The End of the World: Science or Religion?

Harold Camping, the president of evangelical Family Radio, predicted that the world would end in 2011. Twice. Being fair about this, could you say that, by definition, Camping was doing a science experiment?
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Harold Camping died last month. In case you don't remember, Camping, the president of evangelical Family Radio, predicted that the world would end in 2011. Twice.

He made these prognostications on the basis of numerology, which sounds like it might be a sophomore-level math subject, but isn't. The data for the calculations Camping used to forecast rapture and Armageddon were numbers he found sprinkled throughout the Bible.

His procedures wouldn't impress a referee for a peer-reviewed, academic journal. And unsurprisingly, many scientists waved off Camping's doomsday dates as both silly and wrong. Well, it's true that havoc and destruction were a no-show. But silly? Didn't Camping follow the rules of science?

Let's first acknowledge that he at least made a quantitative forecast, an uncommon step for a theologian. Sure, many religions predict what happens after you die, which seems to be somehow dependent on how you've lived. But while such prognoses ("you're going to Hell, Bob") have been made for millennia, observations that could check them are AWOL.

So Camping really broke precedent: He not only put forward a strong hypothesis, but one that could be falsified. In other words, he offered up a calculated prediction that could be discredited if it didn't pan out. And falsification is the classic, middle-school acid test of science.

Being fair about this, could you say that, by definition, Camping was doing a science experiment? After all, he had pored over some data and reckoned that they forecast a major event. If scientists scoffed at his work, maybe it was only because they were simply defining science as whatever they do.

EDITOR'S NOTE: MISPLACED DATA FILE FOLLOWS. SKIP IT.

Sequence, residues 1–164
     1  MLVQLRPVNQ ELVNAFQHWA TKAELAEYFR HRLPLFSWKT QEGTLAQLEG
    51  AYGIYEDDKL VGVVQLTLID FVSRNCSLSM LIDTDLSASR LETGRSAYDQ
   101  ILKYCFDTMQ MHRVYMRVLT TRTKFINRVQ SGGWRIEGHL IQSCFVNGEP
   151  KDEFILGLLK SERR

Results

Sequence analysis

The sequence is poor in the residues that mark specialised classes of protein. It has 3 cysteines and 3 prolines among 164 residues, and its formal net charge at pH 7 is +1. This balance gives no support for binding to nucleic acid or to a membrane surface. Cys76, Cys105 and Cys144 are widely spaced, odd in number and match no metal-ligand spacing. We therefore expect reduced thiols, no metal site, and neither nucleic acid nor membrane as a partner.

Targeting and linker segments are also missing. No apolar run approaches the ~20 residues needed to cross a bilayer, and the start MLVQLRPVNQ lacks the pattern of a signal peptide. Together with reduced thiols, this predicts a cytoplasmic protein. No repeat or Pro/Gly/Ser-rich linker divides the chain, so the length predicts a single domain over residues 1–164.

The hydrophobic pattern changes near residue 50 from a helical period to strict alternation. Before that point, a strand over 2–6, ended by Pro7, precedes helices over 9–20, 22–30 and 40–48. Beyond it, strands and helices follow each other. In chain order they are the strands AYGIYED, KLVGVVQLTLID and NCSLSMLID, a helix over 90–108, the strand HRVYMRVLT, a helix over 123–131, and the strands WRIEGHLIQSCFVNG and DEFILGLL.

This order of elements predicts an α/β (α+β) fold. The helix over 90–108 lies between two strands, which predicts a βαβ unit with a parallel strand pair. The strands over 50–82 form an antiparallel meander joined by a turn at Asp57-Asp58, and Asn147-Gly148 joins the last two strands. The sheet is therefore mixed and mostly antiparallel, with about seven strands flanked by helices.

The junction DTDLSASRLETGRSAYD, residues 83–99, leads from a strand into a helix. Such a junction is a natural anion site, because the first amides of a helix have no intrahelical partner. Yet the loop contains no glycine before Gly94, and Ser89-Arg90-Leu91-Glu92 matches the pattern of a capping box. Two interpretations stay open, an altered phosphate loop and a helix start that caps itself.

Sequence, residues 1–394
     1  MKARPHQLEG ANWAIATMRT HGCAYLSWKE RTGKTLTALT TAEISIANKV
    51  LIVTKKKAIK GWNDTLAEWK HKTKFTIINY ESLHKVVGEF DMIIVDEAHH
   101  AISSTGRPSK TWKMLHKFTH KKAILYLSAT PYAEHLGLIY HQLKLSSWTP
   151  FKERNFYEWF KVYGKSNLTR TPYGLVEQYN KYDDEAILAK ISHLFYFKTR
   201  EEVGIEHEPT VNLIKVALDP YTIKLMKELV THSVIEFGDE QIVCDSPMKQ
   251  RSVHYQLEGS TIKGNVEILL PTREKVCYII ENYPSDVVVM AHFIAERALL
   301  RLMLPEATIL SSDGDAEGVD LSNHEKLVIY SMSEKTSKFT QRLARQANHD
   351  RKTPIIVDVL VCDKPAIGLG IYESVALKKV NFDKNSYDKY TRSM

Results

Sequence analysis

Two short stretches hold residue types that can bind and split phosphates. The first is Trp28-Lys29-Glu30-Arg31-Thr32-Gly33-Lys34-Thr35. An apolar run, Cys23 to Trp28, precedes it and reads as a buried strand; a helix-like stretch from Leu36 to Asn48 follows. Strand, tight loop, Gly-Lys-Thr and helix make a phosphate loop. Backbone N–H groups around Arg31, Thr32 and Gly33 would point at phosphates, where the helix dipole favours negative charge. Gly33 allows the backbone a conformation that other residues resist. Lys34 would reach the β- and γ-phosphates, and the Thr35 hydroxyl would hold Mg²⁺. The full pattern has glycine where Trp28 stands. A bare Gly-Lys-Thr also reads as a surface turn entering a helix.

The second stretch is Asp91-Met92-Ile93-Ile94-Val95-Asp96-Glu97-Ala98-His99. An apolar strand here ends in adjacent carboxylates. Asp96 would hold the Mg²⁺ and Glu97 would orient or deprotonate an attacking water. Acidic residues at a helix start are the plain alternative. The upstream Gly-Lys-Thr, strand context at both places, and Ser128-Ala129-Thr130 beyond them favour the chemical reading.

Well, the middle-school definition of science is too simple. Falsification isn't everything. Heck, Newton's laws, a classic bit of science, have been falsified (celebrated case for cognoscenti: the precession of Mercury's orbital perihelion, which required the refinements of Special Relativity theory to get right). Still, who would say that Isaac Newton wasn't doing great science?

Not only is falsification a poor litmus test for science, sometimes it's not even a possibility. Consider SETI's hunt for signals that would prove the existence of clever inhabitants far beyond the realm of our solar system. The hypothesis seems well-grounded, given the discovery of planets and moons where life could exist. But what's the bottom line? We haven't yet found any confirmed signals, and there's no way to ever, ever prove that the aliens aren't out there. In other words, SETI operates on an hypothesis that can't be falsified.

So maybe SETI isn't science? That possibility certainly appealed to novelist Michael Crichton, who once reversed our argument here by characterizing SETI as religion.

Well, deep in my innards, I sense that the difference between science and religion is hardly so muddled. It's not simply that scientists use fancy instruments, sport credentials, and wear tweed jackets (although all of that is usually true). To me, the main difference is context. The ideas of science germinate in a matrix of established knowledge gained by experiment; they are not lonesome thoughts, born in a rarified realm where no researcher has ever gone before.

Even Einstein, whose ideas are often characterized as radical and sprung from his brilliant brain in a flash of insight, were prompted by data from the lab. Experimentalists had shown that the speed of light didn't depend on how fast the light source was moving (contrary to expectation and everyday horse sense). He had experimental motivation for his relativity theories.

Similarly, modern SETI is an idea planted in a vast garden of planetary science, astronomy, and biology that give it plausibility. You may not recall, but the ancient Greeks also figured there was plenty of life in the cosmos. Their claim didn't rise to the level of science hypothesis because the knowledge that would underpin their idea with a foundation of facts didn't yet exist.

Context is certainly important in evaluating Camping's computations, which were predicated on a largely unverifiable narrative known as the Bible. Newton said he stood on the shoulders of giants. Camping was standing on a single, very old source of mostly unrelated and unproven data, an entirely different kettle of kippers.

So, while both daring and interesting, Camping's forecasts were not scientific predictions. But here's one that is: The dying Sun will write finis to Earth's history of life in about 5 billion years. And my guess is that this doomsday forecast won't disappoint.

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